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Forget preventive maintenance. Today's uptime requirements call for an entirely different approach
Maintenance has come a long way since the "fix it when it breaks" mentality of the 1940s and the preventive maintenance philosophy of the 1970s and 1980s. Today, the new world of reliability-centered maintenance (RCM) calls for computers, software, and sensors to achieve maximum plant availability and reliability at the most effective cost (Figure 1).
A big surprise is preventive maintenance (PM) actually can be bad for certain systems! Not only is it expensive, but it doesn't work well with modern, high-tech equipment. So instead of PM, we are entering a whole new world of condition monitoring, loop analysis, and predictive maintenance.
Figure 1: Shoot for Uptime
Reliability-centered maintenance aims to find the correct balance between maintenance spending and process operations. According to Honeywell, only 5% of all plants have achieved the correct balance. (Source: Honeywell)
Although RCM often works best with fieldbus architectures and high-level asset management software (because they can more easily obtain and process data) the techniques involved are not beyond the reach of a typical process control user, even those with legacy control systems. This is because it's not how you acquire the data that's important, it's what you do with it.
Modern maintenance technology procedures began years ago in the military. The recent Gulf War II proves beyond a doubt just how effectively these techniques work.
"I used vibration monitoring and maintenance management [15 years ago] in the propulsion power plants of U.S. Navy vessels," says Robert Rosenbaum, an automation consulting engineer in American Canyon, Calif. "The use of portable handheld vibration instrumentation was so successful that the Navy purchased several permanently installed vibration monitoring systems for its fleet."
Rosenbaum also says he's familiar with RCM as once used by United Air Lines to prevent failure in commercial aircraft systems.
Vibration monitoring is just one part of an RCM program. The overall RCM process includes procedures to determine the functions and performance standards of an asset, what causes it to fail, what happens when it fails, and what can be done to prevent failures (Table I).
Table I: First Answer These
Before considering reliability centered maintenance, determine the functions and associated performance standards of the asset in its present operating context:
1. In what ways does it fail to fulfill its functions?
2. What causes each functional failure?
3. What happens when each failure occurs?
4. In what way does each failure matter?
5. What can be done to predict or prevent each failure?
6. What if a suitable proactive task cannot be found?
The commercial airline industry was the first to realize the benefits of a maintenance decision-making process. According to a white paper by Aladon, this led to the development of the MSG3 process in the aviation industry; in manufacturing, it's just called RCM. (For a complete description and multiple articles on RCM, go to www.aladon.co.uk.)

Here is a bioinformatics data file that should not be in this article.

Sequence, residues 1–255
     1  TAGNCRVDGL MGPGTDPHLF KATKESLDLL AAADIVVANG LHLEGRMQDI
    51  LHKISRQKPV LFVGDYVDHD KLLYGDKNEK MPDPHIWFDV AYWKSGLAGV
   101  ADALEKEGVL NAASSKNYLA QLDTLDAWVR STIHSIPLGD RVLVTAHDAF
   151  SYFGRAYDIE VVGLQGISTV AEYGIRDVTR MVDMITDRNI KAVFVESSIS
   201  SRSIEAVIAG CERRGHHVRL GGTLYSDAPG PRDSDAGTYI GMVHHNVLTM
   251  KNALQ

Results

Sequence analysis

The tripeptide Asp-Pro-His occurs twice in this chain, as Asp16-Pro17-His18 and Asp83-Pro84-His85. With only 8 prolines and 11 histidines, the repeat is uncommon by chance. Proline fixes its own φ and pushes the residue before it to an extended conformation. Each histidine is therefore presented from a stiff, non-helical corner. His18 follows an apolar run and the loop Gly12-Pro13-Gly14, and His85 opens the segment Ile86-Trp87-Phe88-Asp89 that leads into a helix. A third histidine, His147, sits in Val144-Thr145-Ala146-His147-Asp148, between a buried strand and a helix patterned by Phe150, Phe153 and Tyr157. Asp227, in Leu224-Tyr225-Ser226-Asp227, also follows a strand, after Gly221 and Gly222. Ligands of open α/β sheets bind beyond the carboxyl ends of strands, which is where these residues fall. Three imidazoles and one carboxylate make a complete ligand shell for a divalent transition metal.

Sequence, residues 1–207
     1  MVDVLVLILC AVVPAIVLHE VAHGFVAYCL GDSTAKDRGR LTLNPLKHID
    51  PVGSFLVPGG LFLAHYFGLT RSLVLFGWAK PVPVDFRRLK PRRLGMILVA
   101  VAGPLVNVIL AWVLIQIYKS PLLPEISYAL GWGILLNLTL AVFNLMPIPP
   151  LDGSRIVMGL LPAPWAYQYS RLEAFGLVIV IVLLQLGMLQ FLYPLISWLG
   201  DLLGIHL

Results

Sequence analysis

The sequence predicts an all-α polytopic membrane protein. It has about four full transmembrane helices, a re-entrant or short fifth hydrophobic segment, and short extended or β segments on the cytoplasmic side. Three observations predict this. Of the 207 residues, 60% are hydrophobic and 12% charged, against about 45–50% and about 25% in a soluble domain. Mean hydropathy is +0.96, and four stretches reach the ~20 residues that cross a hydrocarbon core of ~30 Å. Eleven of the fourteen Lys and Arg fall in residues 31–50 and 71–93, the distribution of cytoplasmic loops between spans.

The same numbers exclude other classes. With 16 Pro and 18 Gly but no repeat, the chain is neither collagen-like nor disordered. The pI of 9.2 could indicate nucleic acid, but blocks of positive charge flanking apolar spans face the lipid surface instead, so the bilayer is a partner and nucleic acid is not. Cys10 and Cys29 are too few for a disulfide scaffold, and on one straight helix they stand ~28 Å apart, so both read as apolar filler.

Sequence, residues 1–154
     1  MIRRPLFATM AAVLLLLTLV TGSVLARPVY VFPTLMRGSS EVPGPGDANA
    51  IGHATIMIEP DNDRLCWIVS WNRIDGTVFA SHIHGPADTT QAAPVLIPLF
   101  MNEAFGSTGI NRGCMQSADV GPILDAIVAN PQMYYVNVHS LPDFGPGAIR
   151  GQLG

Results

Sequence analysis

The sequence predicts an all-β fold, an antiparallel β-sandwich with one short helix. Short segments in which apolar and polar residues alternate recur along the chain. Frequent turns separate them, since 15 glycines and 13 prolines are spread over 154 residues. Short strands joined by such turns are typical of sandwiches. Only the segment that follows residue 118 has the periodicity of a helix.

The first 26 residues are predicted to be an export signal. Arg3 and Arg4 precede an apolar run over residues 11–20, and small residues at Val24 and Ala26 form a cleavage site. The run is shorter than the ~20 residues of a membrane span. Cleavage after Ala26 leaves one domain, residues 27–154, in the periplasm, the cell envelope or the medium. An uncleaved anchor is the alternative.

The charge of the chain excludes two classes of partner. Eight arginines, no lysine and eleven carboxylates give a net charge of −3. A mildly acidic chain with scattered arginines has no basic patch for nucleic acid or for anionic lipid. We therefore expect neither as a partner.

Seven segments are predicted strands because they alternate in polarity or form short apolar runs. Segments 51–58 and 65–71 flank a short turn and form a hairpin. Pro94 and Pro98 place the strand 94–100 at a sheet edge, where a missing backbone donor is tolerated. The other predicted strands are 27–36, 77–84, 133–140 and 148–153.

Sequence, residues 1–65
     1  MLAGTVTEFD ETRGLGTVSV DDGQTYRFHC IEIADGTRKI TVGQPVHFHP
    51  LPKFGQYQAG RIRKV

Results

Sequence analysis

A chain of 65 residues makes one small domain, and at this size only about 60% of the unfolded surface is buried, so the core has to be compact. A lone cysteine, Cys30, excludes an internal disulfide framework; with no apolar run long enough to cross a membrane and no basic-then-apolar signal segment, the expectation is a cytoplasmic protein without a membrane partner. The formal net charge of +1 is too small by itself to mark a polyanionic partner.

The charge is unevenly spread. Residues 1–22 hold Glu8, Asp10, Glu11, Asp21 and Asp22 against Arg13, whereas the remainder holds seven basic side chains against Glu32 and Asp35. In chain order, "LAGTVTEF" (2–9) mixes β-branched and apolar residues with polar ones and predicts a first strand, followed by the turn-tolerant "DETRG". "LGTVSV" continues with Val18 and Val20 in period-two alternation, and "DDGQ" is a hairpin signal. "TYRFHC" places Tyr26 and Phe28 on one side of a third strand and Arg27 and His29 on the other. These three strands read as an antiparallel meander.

One of the most startling developments to come out of RCM studies involves preventive maintenance. "Many people still believe that the best way to optimize plant availability is to do some kind of proactive maintenance on a routine basis," says Aladon. This assumes one traditional view of failure (Figure 2), where devices fail as they enter a wear-out zone after a certain period of time.
This may have been true 30 years ago, but equipment is much more complex these days. Now, we identify six patterns of failure to deal with (Figure 3). According to Aladon, studies on commercial aircraft showed only 4% of failures conformed to pattern A, which contradicts another widely held belief that most products have a "bathtub" failure curve. Only 2% conformed to B, 5% to C, 7% to D, and 14% to E.
But here's the startling development: a whopping 68% conformed to pattern F--high infant mortality followed by random failures.
"These findings contradict the belief that there is always a connection between reliability and operating age," says Aladon. "Nowadays, this is seldom true. Unless there is a dominant age-related failure mode, age limits do little or nothing to improve the reliability of complex items. In fact, scheduled overhauls increase overall failure rates by introducing infant mortality back into otherwise stable systems."
Commercial aircraft and process control systems both use similar systems: pneumatics, electro-hydraulics, servomotors, networks, control valves, pumps, miles of wire and cables, networks, computers, electronic controls, and flow, temperature, level, and pressure sensors.
Figure 2: Good Old-Fashioned Breakdowns
Thirty years ago, devices were understood to fail when they wore out. (Source: Aladon)
Some process industry data seems to correspond exactly with patterns E and F. "The majority of failures in valves and control loops is not predictable and the probability of failure does not increase with time," says Lane Desborough, manager of loop management services, Honeywell Industry Solutions, Thousand Oaks, Calif. "There is little evidence that valve failure can be predicted reliably based on accumulated stem travel alone."
If failures of process equipment are random, so much for preventive maintenance. What do we do now?
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